Many a client throughout the years has told me when I said they were taking actions out of boredom with the status quo, “Bored? I can hardly catch my breath!”
Maybe… maybe not.
You can be crazy busy, but activity can serve to mask the underlying boredom that can creep into our life at work. This is especially so in a maturing company. The goal for leadership must be to make their companies perform consistently better, and this can take its toll.
Boredom usually takes hold because this never ending-process is tough and, frankly, boring. So, they respond to it by starting a bunch of new projects that take away attention from the main objective they said they were pursuing.
Here are just four ways boredom can play out in a bad way:
- You decide to add new trades:
Example: Your company only does plumbing, and now you decide to add heating and cooling.
Note: This can be a great idea, but not if you’re doing it before you’ve mastered plumbing. And that’s especially the case if you don’t have a plan on how to master the new trades you’re intending to add.
Conclusion: Your boredom is causing you to add gasoline to a fire.
- You want to start additional companies in different industries:
Example: A friend or relative tells you they’re opening a restaurant and you should become a partner.
Note: Even if you’ve got a successful contracting business, it doesn’t mean it translates to other businesses of which you know nothing. But it seems like it’ll perk things up and break through the boredom.
Conclusion: You’d be right. It will break the boredom. But it is more than likely jumping from the frying pan into the fire. As my dad said, “If it were easy, everyone would do it. Business takes skills and hard work. Stay focused on what you do really well.”
- You want to reconfigure what the staff must do and who on the staff does what:
Example: Things are getting a little stale for you and the staff so moving the staff around to different areas of the company seems like a smart move.
Note: If you don’t have an Org Chart and manuals for each box on that Org Chart, how can they hope to fill the new box you sent them off to fill?
Conclusion: The answer is… they can’t. It might be a fun challenge, but it’s more than likely going to put undue stress on you and the team, and that’s not the way to end the boredom. The trick is to find how they can rise up to fill the boxes that are higher up the Org Chart, and to do that they need resources for themselves and for those they need to train to replace themselves in their old position.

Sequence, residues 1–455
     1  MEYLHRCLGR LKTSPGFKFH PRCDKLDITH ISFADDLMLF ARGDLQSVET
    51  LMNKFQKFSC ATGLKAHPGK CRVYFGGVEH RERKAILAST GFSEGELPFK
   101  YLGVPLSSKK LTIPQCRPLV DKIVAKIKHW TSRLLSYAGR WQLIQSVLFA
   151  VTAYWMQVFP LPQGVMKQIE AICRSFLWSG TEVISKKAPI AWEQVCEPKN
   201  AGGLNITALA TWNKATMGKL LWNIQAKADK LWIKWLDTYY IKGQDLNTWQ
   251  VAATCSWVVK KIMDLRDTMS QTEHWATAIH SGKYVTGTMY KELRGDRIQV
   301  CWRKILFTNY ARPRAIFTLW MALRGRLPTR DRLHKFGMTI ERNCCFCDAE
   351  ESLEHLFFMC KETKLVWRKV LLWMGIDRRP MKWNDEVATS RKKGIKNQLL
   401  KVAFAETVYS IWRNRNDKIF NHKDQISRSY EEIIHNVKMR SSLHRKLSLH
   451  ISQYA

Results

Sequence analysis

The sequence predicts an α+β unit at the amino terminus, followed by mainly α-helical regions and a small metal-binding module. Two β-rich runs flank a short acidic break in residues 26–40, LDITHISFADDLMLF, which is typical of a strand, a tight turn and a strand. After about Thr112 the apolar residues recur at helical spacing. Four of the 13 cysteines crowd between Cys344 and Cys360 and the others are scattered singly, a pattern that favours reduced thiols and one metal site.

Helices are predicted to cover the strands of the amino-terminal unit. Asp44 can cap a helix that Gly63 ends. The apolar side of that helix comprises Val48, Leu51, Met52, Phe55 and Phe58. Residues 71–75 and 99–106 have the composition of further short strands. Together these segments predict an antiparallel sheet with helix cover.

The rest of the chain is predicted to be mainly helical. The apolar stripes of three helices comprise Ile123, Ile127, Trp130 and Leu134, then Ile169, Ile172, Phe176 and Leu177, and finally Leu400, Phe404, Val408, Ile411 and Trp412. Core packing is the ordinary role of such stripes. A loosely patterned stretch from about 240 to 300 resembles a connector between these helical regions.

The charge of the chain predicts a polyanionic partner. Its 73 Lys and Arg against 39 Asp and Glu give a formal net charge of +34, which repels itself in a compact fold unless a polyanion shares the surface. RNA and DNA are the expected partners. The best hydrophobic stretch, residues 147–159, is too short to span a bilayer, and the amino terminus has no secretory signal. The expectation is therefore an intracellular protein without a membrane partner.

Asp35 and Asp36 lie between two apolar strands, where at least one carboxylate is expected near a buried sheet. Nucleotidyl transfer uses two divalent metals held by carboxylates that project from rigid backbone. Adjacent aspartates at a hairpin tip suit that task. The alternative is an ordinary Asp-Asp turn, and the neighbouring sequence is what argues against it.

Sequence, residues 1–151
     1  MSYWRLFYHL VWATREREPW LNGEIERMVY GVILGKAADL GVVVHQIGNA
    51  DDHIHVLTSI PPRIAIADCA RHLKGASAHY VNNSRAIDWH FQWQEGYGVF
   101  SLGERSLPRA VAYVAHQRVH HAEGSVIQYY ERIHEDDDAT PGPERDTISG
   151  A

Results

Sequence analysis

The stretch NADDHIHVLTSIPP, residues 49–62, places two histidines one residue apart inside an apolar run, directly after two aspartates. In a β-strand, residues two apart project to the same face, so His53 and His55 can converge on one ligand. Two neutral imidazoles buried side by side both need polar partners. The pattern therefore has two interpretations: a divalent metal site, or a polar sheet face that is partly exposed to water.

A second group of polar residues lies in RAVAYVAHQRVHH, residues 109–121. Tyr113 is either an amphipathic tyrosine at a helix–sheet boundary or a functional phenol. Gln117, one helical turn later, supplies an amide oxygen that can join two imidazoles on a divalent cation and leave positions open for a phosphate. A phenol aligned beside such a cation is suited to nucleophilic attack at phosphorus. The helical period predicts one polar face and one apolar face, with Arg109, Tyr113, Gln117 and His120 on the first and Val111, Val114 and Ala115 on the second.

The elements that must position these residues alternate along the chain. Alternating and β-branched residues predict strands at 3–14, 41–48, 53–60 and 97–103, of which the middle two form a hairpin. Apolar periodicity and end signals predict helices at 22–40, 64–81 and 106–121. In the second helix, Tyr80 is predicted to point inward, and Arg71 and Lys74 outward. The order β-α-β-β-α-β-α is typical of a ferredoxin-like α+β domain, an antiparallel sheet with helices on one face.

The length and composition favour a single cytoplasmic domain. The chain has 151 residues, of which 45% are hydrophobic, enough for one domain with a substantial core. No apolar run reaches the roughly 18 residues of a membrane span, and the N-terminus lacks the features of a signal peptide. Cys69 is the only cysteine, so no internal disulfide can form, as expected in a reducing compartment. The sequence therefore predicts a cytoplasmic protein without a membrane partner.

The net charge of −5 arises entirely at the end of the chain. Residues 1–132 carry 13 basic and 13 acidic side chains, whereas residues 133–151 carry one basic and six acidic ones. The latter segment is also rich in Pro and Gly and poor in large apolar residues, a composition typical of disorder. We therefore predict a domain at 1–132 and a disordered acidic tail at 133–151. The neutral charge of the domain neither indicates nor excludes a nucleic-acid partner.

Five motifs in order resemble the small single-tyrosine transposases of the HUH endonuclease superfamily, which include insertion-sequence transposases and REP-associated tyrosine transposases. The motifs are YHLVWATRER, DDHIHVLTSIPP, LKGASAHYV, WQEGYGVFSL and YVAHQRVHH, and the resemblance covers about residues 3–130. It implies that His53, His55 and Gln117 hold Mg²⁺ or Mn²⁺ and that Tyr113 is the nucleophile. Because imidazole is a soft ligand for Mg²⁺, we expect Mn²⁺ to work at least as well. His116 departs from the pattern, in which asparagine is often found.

- You decide to redesign the office space or build a new building:
Example: Like “Retail Therapy,” which is buying something, it can feel, great and it will temporarily break the cycle of boredom to redesign your office or build a new shop.
Note: But if you don’t have a plan for your shop that addresses how to communicate better (which means redesigning your building so where you sit follows the Org Chart and the Flow of Communications) all you’ve done is reshuffle the chairs with a price tag that will come due.
Conclusion: We as contractors like to build stuff. But if buying and building a new office or redesigning your shop doesn’t make financial sense and serve logistical goals… it’s a distraction designed to mask the boredom at a very high cost. Because just like an online shopping spree can mask the boredom, it only works until the credit card bill hits you in the face.
What should you do instead?
- Reinvent how you work for the better:
- Write up a list of things you love and like to do at work.
- Write up a list of things you dislike or hate to do at work.
- Figure out how you can do more of what you love and like, and less of the things you dislike or hate.
- Energize more training and delegation to make all of this more doable.
- Change things up in your day-to-day approach at work to make things better:
- Make time for yourself. This can be in the form of attending more family events during the day, going to the gym, going out for a walk, or even going out to lunch instead of eating at your desk or in your truck.
- Build flex time into your calendar that has you working in different facets of the business that benefit your employees, the company, and gets you refocused on helping the team (which ultimately helps you).
- Make time to network with other contractors who you don’t compete with so there’s a social bond that can benefit their business and yours through referrals.
- Redirect the staff to figure out how they and the company can grow in a smart and consistent way:
- Have weekly meetings with the various departments at your company that focus on how the company can serve clients better.
- Talk about how the business can run better through consistent performance that is locked to repeatable systems.
- Speak to how the team as individuals can move up and have a career with you vs. just a job. This makes it better for them, and that makes it better for you. It will test you, but in a good way, and it will surely break the problem of boredom.
- Introduce fun or get it back into your culture:
- Has there ever been fun? My bet is probably not.
- So, work to create contests, games, and mutual goals that build the spirit of cooperation and good competition.
- Have events outside of work for the company like dinners, bowling, fishing, softball, basketball, and golf.
- Scavenger hunts and more are fun and are good team building exercises.
Boredom is a real thing for us contractors.
The question is… will you let it affect your actions in a bad way, or will you identify it and use it as fuel to get re-energized?